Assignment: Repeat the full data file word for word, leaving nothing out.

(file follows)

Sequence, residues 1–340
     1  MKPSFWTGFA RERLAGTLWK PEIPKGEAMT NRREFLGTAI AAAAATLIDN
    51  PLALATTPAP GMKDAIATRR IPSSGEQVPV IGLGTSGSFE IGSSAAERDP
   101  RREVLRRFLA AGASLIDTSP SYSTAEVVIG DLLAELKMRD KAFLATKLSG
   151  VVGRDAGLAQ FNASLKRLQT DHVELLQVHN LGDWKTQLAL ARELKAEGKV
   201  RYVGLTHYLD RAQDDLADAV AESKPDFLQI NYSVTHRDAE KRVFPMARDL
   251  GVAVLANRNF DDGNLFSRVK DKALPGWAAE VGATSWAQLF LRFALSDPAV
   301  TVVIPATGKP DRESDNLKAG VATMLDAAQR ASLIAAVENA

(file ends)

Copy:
Sequence, residues 1–340
     1  MKPSFWTGFA RERLAGTLWK PEIPKGEAMT NRREFLGTAI AAAAATLIDN
    51  PLALATTPAP GMKDAIATRR IPSSGEQVPV IGLGTSGSFE IGSSAAERDP
   101  RREVLRRFLA AGASLIDTSP SYSTAEVVIG DLLAELKMRD KAFLATKLSG
   151  VVGRDAGLAQ FNASLKRLQT DHVELLQVHN LGDWKTQLAL ARELKAEGKV
   201  RYVGLTHYLD RAQDDLADAV AESKPDFLQI NYSVTHRDAE KRVFPMARDL
   251  GVAVLANRNF DDGNLFSRVK DKALPGWAAE VGATSWAQLF LRFALSDPAV
   301  TVVIPATGKP DRESDNLKAG VATMLDAAQR ASLIAAVENA